Humectants. These are ingredients such as glycerine and propylene glycol that technically-speaking slow down evaporation due to their affinity with water. However, in practice, humectants often have little or no impact on actual bubble longevity. Most recipes that you find that call for glycerine do not actually use enough glycerine to measurably impact bubbles. There are certain situations in which humectants are helpful. See Glycerine and Glycerine_Basics_and_FAQ
Chelating agents And Water Softeners. In some conditions, water is so mineral-rich that a water conditioner that provides chelation or water softening is needed. Such conditions are quite rare when using commercial dishwashing liquid as your base.
Freeze-preventers. If you are bubbling in freezing and near-freezing temperatures, additives may be useful to prevent freezing. Calcium chloride and propylene glycol are sometimes used to this end. See Cold Weather Bubbling
The dilution (the surfactant concentration) is critical as it largely determines the soap film thickness (which determines strength and color profile and influences longevity) and other important soap film characteristics. The relationship between bubble wall thickness and soap concentration is the opposite of what most people assume. Dilute solutions result in thicker bubble walls than solutions that are more concentrated.
Dilution can have a huge impact on bubble longevity, color, the number of bubbles per dip, and bubble size. In some cases, you need to determine which quality is most important and adjust the dilution accordingly.
See Dilution for more on this critical topic.
Viscosity is a widely misunderstood aspect of bubble juice. Because commercial bubble juice (and many commercial dishwashing liquids) is often very viscous (thick), people often associate viscosity with effectiveness. While polymers change the viscosity of a water/detergent mix, the viscosity change is not the critical factor. Some polymers (such as PEO) can have a profound effect while barely changing the viscosity while others polymers may increase viscosity significantly and only marginally improve the mixture. The precise mechanism by which polymers improve bubble juice is not know. For more on this subject see Viscosity and FAQ:_Thick_Solutions and Polymers.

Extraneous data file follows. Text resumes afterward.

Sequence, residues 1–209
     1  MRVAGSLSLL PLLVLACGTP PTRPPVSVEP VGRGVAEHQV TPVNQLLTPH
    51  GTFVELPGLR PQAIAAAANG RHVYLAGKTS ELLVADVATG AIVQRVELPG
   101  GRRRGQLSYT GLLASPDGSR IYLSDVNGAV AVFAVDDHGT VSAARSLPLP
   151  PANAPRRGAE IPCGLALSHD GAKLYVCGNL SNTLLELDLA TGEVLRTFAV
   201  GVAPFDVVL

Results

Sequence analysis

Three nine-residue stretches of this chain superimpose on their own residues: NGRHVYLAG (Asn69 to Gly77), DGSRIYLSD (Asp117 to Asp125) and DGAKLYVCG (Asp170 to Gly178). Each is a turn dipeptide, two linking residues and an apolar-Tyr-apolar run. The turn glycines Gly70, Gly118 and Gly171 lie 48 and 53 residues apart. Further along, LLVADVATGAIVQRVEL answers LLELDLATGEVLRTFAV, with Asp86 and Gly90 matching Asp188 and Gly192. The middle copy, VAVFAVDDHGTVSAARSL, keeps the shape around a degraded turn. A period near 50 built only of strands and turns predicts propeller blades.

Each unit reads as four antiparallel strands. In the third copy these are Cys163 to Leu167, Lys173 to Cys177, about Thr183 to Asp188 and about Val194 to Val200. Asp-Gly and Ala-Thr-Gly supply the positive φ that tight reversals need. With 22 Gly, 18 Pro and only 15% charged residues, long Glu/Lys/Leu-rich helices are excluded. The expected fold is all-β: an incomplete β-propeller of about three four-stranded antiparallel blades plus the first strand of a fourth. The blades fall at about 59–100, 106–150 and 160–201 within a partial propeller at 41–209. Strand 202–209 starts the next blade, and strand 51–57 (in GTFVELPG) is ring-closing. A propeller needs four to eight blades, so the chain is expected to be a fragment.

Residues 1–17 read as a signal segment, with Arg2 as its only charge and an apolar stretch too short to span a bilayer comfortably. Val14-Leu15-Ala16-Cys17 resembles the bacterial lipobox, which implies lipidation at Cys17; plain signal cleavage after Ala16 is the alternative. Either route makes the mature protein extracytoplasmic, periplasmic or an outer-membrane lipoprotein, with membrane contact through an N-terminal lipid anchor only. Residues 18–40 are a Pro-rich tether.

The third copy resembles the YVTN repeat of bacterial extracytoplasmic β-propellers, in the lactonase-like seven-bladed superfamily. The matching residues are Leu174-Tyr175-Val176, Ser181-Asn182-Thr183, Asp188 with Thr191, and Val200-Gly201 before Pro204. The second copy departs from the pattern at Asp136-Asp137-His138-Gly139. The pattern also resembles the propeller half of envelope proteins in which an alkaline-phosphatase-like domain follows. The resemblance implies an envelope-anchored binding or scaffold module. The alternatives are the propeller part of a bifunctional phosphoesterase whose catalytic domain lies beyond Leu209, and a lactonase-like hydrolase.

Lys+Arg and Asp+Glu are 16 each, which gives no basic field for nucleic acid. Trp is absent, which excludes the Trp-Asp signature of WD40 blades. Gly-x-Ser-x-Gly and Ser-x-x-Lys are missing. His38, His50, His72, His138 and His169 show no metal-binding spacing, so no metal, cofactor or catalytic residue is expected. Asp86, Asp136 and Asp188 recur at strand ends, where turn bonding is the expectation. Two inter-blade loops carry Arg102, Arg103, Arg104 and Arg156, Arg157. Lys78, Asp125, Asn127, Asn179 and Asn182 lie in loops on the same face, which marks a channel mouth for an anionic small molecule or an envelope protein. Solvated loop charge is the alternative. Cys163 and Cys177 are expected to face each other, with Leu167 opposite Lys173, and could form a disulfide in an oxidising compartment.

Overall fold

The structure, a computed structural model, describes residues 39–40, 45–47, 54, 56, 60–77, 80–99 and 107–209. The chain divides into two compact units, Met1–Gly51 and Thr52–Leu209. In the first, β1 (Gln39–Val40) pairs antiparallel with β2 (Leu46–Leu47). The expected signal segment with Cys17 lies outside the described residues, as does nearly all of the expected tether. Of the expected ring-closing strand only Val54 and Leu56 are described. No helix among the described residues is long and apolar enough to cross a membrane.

While some bubbles pop into a fine mist or droplets, some bubble juice create bubbles that seem to break up into tissue-like fragments (it is really just the turning into bits of foam) that we call "ghosts". Ghosting is related to the surfactant being used and is not an indication of a problem. Reach all about them in the Ghosts article.
See Also Edit
The following articles are critical to gaining a deeper understanding of bubbles and bubble juice:
- Site Index - the site index lists many helpful articles that you might otherwise miss!
- DIY Surfactant Base
Distilled water is best. Tap water generally is preferable. With the exception of extremely hard or mineral-rich water, tap water usually performs as well as or better than distilled water in a mix that includes appropriate pH adjustment. See Water
Glycerine is an essential ingredient. Testing has proven this simply isn't true with the dish detergents now available. See Glycerine_Basics_and_FAQ
Thick solutions make strong or thick bubbles. The thickness (viscosity) of a solution has nothing to do with how strong, thick or colorful bubbles are. Because commercial bubble juice and dishwashing liquids are often quite viscous,people often associate viscosity with effectiveness. Some of the best bubble juices have a viscosity closer to water's than to the viscous solutions people often associate with soap bubbles. See Viscosity and FAQ:_Thick_Solutions
This article is an attempt to provide some important basics that can help people explore bubble juice mixology. Most of the information here is discussed in greater detail elsewhere on the wiki. My hope is that this article will provide a quick orientation.
People often tell me that they have tried this or that bubble juice recipe and want to know how to make the bubbles work better. Often, they suggest things that they think that they should try. I asked most of those questions myself when I got started. When I got started, there were lots of recipes to be found and lots of discussion of bubble juice issues on SBF, the Soap Bubble Fanciers Yahoo Group, but there was not much in the way of specific information that could be used to help decide which avenues of exploration would be fruitful.
Don't just take our word for any of this. Explore and experiment. Here is our claim: the information here is based on a lot of experimentation and review of experiments by reliable sources. We have tried to set up experiments to determine the truth and accuracy of what we claim to be true. If you have an experience that contradicts anything you have read here, PLEASE let us know -- we strive to update the information to reflect reality rather than our prejudices.